Farewell to Sweden
…but hello to Berlin and the return of Under a Grey Sky. We hope that there will be lots of other wonderful tales of adventures beyond the front door to come as normal service is resumed.
On the final morning in Sweden we were sitting by a lake somewhere in the south of the country, at a campsite we had discovered the previous evening once we had reached over halfway in our journey between Stockholm and our ferry port at Trelleborg. It was a beautiful and quiet spot, a basic camp site with just a few pitches for caravans and those monster mobile homes, and a reception that doubled up as a kiosk for the mini golf. No-one was playing in the morning, as most of the nearby town were at school or work and the campers were still having breakfast on the grass or the balcony of their mobile home.
I opened my notebook to jot down some thoughts and I was struck by how little I had written during the three and half weeks in Sweden. Perhaps it was because I knew that I would be coming here once we returned to Berlin, to write about the different places and experiences on Under a Grey Sky so there was no need to commit any thoughts to paper. In any case, over the next few weeks there will be a number of different posts about our time in Sweden, plus other interesting things that have been collected and submitted whilst I was away.
But for now I just wanted to share some pictures of different moments of our journey that took us on a rough figure-of-eight course through the country, with a pause at the top for two weeks in a little yellow house on the edge of the woods. During our time we paddled and swam in the Baltic, explored old mines and modernist housing estates, tramped through forests and nature reserves, walking through landscape forged by centuries of mining and forestry. We ate hundreds of meatballs, lots of campsite pasta dinners, and numerous ice creams (including the best Sweden has to offer). We made a quick stop-off in the capital city, and had a couple of days surrounded by the colourful realization of the anarchic imagination of a great children’s writer, with the chance to say “Hej” to Pippi Longstocking personally.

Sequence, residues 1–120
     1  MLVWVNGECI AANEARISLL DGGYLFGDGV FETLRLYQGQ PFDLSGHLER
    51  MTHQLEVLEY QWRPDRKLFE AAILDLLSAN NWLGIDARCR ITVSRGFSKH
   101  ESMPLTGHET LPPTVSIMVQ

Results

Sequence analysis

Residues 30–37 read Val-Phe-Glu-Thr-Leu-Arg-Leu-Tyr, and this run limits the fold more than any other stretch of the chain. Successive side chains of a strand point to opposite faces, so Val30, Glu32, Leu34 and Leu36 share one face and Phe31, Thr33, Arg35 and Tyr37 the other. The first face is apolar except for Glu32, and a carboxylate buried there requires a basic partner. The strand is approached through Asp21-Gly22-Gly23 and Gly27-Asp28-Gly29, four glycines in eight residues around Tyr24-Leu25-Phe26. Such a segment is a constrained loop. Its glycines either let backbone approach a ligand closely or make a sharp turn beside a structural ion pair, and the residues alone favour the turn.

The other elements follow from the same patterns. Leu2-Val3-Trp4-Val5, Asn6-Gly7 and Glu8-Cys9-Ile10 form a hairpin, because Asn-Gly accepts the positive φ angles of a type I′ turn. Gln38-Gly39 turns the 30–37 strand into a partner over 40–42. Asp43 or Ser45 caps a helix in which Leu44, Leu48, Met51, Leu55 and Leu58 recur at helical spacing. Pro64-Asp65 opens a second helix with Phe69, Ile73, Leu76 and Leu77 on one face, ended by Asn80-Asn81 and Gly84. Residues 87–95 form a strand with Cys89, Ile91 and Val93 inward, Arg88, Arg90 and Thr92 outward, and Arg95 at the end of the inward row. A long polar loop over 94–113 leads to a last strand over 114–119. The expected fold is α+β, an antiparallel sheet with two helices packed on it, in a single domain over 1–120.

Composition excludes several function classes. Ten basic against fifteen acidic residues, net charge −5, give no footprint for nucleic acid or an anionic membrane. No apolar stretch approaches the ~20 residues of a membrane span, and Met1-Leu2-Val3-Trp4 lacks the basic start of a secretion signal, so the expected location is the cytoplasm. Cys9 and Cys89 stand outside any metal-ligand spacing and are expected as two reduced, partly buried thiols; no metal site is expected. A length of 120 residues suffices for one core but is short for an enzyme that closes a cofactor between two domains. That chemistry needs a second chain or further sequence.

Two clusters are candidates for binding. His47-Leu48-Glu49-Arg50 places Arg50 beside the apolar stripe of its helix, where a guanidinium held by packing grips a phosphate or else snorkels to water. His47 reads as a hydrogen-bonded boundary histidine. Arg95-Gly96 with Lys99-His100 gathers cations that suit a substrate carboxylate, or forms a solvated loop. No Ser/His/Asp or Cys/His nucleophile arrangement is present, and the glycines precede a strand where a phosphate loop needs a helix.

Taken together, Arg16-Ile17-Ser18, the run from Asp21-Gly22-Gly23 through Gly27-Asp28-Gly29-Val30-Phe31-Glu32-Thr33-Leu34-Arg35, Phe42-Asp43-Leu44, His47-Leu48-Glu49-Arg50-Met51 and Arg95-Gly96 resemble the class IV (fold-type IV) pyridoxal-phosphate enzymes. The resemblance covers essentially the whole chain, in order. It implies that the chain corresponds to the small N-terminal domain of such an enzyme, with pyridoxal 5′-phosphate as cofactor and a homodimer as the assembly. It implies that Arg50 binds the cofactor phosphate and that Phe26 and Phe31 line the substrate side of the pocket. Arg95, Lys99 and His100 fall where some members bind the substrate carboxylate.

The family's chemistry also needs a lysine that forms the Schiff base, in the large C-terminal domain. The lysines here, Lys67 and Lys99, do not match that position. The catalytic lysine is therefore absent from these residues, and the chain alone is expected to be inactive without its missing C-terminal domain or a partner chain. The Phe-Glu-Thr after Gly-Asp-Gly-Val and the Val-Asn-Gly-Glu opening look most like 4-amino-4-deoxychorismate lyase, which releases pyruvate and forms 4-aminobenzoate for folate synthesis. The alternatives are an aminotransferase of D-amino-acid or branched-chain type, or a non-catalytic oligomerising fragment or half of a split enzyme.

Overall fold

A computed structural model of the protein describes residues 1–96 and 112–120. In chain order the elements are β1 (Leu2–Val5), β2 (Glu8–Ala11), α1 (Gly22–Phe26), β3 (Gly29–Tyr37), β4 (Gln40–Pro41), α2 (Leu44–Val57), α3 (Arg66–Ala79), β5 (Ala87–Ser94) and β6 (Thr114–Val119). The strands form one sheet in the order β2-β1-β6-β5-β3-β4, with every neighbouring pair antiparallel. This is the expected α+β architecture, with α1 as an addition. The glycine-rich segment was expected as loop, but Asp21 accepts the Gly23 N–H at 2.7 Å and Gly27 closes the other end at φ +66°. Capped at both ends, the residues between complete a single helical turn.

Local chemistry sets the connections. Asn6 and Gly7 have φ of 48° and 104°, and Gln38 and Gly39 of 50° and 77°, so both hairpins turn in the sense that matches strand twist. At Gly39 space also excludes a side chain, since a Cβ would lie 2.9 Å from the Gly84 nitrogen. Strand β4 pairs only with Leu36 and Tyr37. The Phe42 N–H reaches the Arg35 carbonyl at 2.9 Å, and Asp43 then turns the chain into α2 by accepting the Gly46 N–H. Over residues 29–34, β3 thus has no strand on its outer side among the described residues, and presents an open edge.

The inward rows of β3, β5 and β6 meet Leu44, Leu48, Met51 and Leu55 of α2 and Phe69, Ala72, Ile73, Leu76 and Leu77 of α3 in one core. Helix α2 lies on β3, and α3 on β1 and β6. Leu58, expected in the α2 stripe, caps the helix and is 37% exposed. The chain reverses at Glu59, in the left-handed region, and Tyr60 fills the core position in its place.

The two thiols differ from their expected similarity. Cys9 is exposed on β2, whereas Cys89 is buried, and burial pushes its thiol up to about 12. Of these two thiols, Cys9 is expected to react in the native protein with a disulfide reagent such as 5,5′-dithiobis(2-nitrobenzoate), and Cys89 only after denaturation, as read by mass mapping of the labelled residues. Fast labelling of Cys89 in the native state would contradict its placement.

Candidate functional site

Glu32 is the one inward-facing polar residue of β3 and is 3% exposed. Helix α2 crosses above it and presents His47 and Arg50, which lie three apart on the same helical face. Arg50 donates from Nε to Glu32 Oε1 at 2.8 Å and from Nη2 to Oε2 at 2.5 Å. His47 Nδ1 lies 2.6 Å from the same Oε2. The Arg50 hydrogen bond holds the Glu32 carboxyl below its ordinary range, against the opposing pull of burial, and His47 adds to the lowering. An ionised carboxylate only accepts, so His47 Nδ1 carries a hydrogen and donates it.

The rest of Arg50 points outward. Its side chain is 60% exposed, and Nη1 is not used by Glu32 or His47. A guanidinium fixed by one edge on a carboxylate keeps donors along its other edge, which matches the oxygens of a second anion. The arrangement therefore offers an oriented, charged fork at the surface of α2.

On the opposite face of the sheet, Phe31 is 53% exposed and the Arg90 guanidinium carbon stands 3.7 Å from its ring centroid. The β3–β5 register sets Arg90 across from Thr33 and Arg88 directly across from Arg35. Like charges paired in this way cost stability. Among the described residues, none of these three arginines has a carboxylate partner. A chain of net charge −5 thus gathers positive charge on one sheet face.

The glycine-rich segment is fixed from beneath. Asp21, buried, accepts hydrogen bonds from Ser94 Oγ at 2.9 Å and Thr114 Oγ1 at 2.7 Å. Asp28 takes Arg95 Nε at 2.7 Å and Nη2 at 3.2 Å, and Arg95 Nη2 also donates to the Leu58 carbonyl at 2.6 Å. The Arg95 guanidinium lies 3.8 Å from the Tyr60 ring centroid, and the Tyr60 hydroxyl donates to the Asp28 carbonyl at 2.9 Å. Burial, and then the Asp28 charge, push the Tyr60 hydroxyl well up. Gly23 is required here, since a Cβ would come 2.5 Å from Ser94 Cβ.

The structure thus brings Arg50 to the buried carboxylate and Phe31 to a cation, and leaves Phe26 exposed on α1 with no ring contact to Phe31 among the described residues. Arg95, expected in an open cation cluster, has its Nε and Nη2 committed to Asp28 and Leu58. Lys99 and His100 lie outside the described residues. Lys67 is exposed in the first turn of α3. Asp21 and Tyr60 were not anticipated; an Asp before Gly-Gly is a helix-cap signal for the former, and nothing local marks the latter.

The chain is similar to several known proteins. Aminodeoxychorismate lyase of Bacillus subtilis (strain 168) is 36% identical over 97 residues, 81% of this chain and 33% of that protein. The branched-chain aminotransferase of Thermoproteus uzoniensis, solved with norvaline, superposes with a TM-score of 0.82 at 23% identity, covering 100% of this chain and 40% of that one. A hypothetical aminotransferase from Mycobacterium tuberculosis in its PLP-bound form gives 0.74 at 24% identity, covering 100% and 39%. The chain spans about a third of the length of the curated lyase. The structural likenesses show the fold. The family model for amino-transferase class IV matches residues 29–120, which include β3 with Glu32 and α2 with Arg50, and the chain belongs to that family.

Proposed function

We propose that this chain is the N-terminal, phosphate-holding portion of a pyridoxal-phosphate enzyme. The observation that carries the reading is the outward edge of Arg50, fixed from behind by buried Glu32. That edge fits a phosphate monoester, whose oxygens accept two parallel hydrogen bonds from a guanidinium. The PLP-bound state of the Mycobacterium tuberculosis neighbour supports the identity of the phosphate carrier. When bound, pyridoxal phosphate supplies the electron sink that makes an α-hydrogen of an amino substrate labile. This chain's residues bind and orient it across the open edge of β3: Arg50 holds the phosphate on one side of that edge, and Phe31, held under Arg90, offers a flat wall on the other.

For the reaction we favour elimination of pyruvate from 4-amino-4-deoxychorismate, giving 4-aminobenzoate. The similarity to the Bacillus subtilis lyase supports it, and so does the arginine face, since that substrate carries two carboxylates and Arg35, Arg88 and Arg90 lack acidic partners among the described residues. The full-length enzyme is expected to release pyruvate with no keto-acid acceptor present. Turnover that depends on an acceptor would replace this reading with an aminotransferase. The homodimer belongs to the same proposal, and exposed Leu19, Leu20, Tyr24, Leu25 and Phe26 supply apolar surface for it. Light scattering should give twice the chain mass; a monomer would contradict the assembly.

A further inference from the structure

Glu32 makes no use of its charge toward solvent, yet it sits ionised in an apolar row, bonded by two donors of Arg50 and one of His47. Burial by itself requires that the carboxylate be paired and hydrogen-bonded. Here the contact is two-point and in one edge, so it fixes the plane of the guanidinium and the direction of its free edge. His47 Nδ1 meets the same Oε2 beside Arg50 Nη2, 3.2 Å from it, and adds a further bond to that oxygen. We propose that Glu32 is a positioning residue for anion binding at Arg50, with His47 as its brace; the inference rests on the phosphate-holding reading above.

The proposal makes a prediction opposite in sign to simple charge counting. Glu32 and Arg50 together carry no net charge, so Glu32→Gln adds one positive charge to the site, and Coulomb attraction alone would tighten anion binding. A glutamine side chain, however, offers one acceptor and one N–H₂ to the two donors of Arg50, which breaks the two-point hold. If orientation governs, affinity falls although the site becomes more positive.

So, more to come then. But here are a few of our favourite pictures from a trip that we were extremely sad to leave behind, as the ferry moved out into the Baltic and the lights of Trelleborg retreated into the darkness…
Words: Paul Scraton
Pictures: Katrin Schönig and Paul Scraton